Day 2 Camp, Day 3 Lunch
Clarksville was the first place I felt like I really spent any time in on this trip. I arrived late in the day on Day 2, and headed for a YMCA that Amber had arranged for me to get a free shower at. The facility was nice and the people working there were friendly. When I finished my shower, I asked if they’d let me pitch my tent there, and they were gracious enough to allow me to do so. The next day I had lunch at the Great Wall Chinese buffet which had an all you can eat buffet for only $6.93. I was apparently spotted on one of the city’s cameras (photo at the top) by Amber and some friends, who I heard were quite excited by this. I talked to a few of the locals, including one older man who has been traveling all over the continent for the last several decades by camper. All in all a great experience.
Day 1 Campsight
It was getting late, and I had no idea where I was going to camp. Around 7:30, I pass this little brick and aluminum shack that happened to be an EMS station just to the left of an elementary school. I thought about asking if I could camp there, but got cold feet and decided not to. I passed a couple hundred feet, and realized that I really only had an hour left before it would be pitch black out, and decided that it was at least worth asking. So I ride up as an ambulance was slowly pulling out, and asked the driver if anyone would mind if I pitched a tent in the big grass field behind their shack. He said nobody would care, and that I could go ahead. Phew! There was really nothing to it, and this was such an easy place to set up in that it’s a little scary how close I came to passing it by simply because I felt a little timid.
Later that night Amber came and visited me, and parked at the Elementary School next door. Over the course of the next hour or two, two different county sheriffs stopped to take a look at her car, forcing her to run over and take care of it. Both times she said the officers were the perfect image of small-town police officers, nice, accommodating, just wanting to make sure she wasn’t causing trouble and not giving her any guff about where she was parked. Counter this with Raleigh’s police force, who mostly seem coldly “professional”, who will ask you questions and disinterestedly listen to your answer knowing full well they’re writing you a ticket no matter what you have to say. I don’t know if city cops have quotas or anything like people say, and I’m sure that the politics of being a police officer in bigger cities puts much more stress and pressure on them that country sheriffs don’t have to deal with as much, maybe. But I don’t think we’re doing it better in the city. I’ve dealt with a fair number of cops in my lifetime, and my experiences with city cops has almost universally been poor, almost always feeling like the law is just another corporatized entity looking to get money out of you, while my experiences with county sheriffs and small-town cops has been almost universally positive. It might just be a small sample size, or some kind of a personal bias toward the “simple life” or whatever, but I don’t know.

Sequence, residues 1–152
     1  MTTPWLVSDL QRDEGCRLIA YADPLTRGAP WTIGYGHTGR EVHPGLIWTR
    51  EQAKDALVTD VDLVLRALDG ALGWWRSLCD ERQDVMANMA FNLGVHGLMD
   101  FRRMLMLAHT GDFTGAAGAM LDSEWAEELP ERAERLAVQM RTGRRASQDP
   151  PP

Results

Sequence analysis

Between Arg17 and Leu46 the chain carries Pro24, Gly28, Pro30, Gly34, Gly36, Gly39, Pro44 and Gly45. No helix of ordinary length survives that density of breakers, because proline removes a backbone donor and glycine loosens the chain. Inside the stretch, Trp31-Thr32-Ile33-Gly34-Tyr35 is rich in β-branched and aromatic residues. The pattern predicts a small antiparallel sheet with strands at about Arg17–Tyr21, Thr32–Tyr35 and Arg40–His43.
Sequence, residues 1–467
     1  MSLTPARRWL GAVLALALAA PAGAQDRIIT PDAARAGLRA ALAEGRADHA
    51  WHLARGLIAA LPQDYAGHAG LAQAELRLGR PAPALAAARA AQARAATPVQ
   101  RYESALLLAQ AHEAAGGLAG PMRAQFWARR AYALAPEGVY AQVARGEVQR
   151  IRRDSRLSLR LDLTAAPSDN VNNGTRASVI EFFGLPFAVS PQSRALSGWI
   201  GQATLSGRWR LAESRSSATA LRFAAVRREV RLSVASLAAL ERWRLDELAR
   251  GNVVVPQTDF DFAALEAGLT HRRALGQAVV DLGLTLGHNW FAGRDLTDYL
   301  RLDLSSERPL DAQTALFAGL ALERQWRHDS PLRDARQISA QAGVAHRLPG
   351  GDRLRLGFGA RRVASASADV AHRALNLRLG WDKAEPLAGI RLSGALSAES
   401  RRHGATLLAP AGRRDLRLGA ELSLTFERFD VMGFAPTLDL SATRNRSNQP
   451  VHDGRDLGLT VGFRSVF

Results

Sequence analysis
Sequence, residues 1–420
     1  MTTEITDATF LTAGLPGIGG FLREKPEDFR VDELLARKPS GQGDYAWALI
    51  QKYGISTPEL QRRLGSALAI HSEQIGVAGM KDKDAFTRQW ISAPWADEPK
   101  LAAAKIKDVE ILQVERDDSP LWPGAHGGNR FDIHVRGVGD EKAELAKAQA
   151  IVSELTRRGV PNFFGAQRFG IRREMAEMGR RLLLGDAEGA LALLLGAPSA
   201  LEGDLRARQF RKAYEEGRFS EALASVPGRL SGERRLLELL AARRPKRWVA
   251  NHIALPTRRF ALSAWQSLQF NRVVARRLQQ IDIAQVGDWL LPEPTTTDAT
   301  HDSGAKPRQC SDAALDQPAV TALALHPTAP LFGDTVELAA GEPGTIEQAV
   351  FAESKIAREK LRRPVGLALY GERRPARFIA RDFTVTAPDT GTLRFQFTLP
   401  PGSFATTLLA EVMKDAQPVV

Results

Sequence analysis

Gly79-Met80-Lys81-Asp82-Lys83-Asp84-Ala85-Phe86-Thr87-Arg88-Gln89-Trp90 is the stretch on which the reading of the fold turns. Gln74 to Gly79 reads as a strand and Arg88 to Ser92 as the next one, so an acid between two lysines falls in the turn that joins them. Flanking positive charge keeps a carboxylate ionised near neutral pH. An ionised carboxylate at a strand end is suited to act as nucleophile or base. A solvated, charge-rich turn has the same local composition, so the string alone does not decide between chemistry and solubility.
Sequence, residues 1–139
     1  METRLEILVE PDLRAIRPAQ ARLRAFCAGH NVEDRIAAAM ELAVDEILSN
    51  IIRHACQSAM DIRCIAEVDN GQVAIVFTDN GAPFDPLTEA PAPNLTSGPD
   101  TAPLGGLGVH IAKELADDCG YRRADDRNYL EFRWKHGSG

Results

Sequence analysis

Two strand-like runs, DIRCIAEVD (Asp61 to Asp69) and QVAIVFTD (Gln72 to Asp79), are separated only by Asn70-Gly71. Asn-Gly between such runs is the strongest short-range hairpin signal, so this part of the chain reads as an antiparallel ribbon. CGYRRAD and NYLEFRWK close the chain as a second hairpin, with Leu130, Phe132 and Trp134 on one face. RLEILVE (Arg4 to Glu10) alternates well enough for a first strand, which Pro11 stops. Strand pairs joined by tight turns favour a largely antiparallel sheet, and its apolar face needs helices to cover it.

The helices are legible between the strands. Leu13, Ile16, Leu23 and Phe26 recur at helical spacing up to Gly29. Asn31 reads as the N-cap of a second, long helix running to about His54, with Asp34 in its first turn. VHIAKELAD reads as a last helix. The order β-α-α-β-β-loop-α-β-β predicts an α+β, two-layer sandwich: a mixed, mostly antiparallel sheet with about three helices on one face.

In any event, thanks for not giving my girlfriend a ticket, even though she was parked illegally in a school, and thanks for letting me spend the night in your quiet little town, Brassfield.
A 1-mile wide little town that had a library that provided me with a much needed respite from the rain. I didn’t get to spend much time there. Just long enough to put a bit of a charge back into my cell phone and check my email, but most of Day 2 was spent outside of anything you could really call civilization. This was the first public building I had seen all day, and I was grateful.
This is my starting location. I’ve been living in Raleigh for close to 9 years now. It’s got fairly warm winters, beautiful falls, hellishly hot and humid summers, and pollen-coated springs. They’ve also got medians on every road you want to turn left on, cops who love harassing college students and sitting in speed traps, beautiful, breathtaking skies, and some pretty nice people here, too. Raleigh specifically seems to be composed of only about 10% natives. Everyone else who lives here appears to be from Michigan.
It’s not a bad place to live, but I am definitely looking forward to traveling away from the south for a while in the coming months.